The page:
Part Two: Discovering the Grand Interior
In last week’s post I gave the reason why the John Adams Courthouse seems to hide behind the curve of Center Plaza. This week I describe what you will see if you make your way to the front door and step inside.
First, the basics: Boston City Architect George Clough designed the six-story granite building in 1893 as the Suffolk County Courthouse. Originally described as “German Renaissance” in style, experts now refer to it as transitional between the Second Empire style best see in Boston’s Old City Hall and the Classical Revival style of the Boston Public Library.
Four additional floors were added in 1909 and 1914. The building was added to the state and national Registers of Historic Places in 1974 and renamed the John Adams Courthouse in 2002. Residents would consider this architectural treasure to be a city landmark—if it were not so well hidden behind Center Plaza.
Step Through the Courthouse Doors
The architectural firm of CBT completely renovated and restored the interior of the courthouse—all 430,000 square feet of it—in 2005 with a care and attention to detail that shows everywhere you look.
Once through the front door I stepped into the four-story Great Hall and looked both around and up in amazement. The John Adams Courthouse possesses the artistry, decoration and sheer awesome space usually found in a museum, or perhaps a Belle Epoque train station like New York’s Grand Central.
Mr. Clough designed the great hall to serve as a ceremonial and exhibition space as well as a passageway for city residents to walk:
“. . . directly from Scollay Square up a small street to Pemberton Square, on through the Court House itself via the Great Hall, coming out the door onto Somerset Street, and facing straight ahead along Ashburton Place to the then newly expanded Massachusetts State House. It was a connector between the State House and then a bustling commercial area, between the governmental and the financial areas.”
An Awesome Space
I found the space awesome in both size and decoration. Muralist Albert Haberstroh, of the Boston firm L. Haberstroh and Son, painted the gold and white barrel-vaulted ceiling. His design uses bands of classical coffers with rosettes to demarcate the sections and frame the Great Seal of the Commonwealth in the center as well as the seals of the four courts that originally occupied the courthouse. Evergreene Architectural Arts restored the ceiling in 2003 to repair multiple forms of damage, including water infiltration, cracked plaster, and paint loss.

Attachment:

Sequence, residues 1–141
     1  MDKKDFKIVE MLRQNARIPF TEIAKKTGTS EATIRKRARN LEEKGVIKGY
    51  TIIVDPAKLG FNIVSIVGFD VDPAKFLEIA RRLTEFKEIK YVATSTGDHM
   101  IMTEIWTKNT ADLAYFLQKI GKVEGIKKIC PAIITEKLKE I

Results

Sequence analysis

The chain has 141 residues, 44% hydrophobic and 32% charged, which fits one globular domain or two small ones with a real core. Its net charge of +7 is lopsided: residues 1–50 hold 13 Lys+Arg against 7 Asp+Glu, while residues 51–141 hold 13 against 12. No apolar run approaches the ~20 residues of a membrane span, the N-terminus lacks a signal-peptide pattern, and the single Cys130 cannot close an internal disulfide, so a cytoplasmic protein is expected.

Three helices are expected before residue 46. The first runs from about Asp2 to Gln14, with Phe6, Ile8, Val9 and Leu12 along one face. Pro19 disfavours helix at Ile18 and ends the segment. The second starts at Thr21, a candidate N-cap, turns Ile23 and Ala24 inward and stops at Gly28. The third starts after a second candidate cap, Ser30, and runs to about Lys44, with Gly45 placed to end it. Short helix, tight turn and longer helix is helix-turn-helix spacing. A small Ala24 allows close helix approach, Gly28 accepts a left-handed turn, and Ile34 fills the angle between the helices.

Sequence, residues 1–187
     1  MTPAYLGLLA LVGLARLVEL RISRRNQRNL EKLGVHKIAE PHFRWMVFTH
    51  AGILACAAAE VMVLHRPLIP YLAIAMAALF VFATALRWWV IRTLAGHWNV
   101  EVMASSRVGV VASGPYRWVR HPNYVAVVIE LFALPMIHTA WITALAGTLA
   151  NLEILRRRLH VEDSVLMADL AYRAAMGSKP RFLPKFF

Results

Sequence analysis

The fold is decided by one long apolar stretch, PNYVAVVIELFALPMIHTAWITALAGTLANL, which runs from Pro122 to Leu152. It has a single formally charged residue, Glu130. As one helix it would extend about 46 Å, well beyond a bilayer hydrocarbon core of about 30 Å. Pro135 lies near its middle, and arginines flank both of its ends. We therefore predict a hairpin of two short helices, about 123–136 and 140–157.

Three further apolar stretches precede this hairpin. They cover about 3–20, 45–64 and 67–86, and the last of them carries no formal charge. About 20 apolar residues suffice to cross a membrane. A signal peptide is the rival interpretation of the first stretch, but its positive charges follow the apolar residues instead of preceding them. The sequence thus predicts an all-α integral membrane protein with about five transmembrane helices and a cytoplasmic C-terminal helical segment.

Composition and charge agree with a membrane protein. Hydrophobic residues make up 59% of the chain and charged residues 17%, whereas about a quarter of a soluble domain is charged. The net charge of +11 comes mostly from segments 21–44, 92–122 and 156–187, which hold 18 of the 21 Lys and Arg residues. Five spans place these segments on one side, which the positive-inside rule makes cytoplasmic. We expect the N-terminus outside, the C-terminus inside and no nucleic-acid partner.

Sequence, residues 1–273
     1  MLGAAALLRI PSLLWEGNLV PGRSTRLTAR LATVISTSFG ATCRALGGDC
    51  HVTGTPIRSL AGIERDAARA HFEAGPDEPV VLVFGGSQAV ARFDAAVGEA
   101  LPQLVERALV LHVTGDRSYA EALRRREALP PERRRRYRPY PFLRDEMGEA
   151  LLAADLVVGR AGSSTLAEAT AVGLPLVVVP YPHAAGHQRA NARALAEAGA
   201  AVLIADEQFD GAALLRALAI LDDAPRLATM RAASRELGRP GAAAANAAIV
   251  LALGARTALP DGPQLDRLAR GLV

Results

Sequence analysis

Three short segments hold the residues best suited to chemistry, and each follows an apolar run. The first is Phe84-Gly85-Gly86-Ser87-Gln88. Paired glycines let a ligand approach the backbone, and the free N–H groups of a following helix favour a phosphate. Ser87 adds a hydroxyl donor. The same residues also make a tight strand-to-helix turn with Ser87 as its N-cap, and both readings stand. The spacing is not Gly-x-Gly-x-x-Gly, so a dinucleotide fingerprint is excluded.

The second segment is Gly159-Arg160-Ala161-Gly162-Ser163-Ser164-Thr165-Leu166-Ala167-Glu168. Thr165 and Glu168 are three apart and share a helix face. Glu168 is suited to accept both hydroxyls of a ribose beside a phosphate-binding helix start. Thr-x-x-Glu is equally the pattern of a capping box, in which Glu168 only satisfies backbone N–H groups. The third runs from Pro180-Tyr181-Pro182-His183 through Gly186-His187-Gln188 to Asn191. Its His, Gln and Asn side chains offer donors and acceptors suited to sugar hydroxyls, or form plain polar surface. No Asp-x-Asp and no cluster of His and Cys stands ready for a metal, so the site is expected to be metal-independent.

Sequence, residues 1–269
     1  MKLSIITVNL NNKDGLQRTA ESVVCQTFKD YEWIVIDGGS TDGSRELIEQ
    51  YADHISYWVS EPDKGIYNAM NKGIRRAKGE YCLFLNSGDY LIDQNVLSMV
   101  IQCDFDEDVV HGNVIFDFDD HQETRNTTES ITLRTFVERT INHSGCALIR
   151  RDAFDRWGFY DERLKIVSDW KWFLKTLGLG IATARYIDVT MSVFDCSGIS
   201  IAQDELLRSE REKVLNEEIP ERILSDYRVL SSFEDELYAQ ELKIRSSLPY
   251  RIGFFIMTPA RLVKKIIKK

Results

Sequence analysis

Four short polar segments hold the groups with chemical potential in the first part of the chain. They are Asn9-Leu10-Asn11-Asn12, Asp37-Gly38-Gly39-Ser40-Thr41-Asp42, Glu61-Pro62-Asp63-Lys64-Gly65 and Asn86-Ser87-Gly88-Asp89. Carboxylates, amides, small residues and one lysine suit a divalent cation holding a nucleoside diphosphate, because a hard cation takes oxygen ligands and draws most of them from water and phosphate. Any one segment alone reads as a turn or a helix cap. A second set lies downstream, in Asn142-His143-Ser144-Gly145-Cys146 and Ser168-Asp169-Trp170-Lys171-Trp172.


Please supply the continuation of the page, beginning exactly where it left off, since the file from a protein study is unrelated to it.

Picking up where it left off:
Sixteen architectural sculptures, life-size allegorical figures created by Domingo Mora, look down from the sides of the Great Hall. A plaque beneath each statue identifies it, like the saints and prophets in a cathedral. Highly individualized, the 16 men and women represent virtues of the ideal legal system. Beginning with the figure closest to the North Elevator, we see the figures of Law, Temperance, Prudence, Justice, Fortitude, Punishment, Guilt, Equity, Right, Innocence, Reward, Wisdom, Religion, Virtue, Reason, and Legislation.
Sculptor Domingo Mora, a native of Barcelona, came to the United States in 1878 when Augustus St. Gaudens hired him to work in the master’s New York studio. Mr. Mora’s other Boston work includes the four large bas-reliefs on the façade of Congregational House, the more than 30 granite medallions in the spaces between the exterior windows in the Boston Public Library’s McKim Building, and—with St. Gaudens—the head of Minerva in the keystone over the library’s central arch.
A life-size bronze statue of Massachusetts attorney Rufus Choate by Daniel Chester French stands in the hall. Rooms on either side hold special exhibitions. One covers the life of John Adams while the other details the Sacco-Vanzetti Trial. The courthouse also includes the wood-paneled courtroom where Oliver Wendell Holmes Jr. once sat. Like the rest of the courthouse it has been beautifully restored.
Oh, you can also find clean public bathrooms inside when the building is open.
Information and Directions to the John Adams Courthouse
The John Adams Courthouse is generally open for visitors on normal business days, Monday through Friday from 9:00 a.m. to 5:00 p.m. Court sessions are open to the public. For more information check out the Visit John Adams Courthouse’s page on the Mass.gov website. The main entrance opens on Pemberton Square and the rear door is located on Somerset Street. If you have trouble finding your way there, take the steps on the south side of Center Plaza. The staircases between the sections of the building will also take you up to Pemberton Square. Don’t be dismayed if all you see at the top are the grills of cars.
You can also reach the rear door on Somerset Street from either Cambridge Street or Bowdoin Street but I recommend the front door for the best initial view of the Great Hall. Government Center on the Blue Line and Green Line is the closest MBTA stop, right across the street from Center Plaza. You can park in the Center Plaza garage—although it is expensive during weekdays—the nearby Government Center Garage or private lots nearby.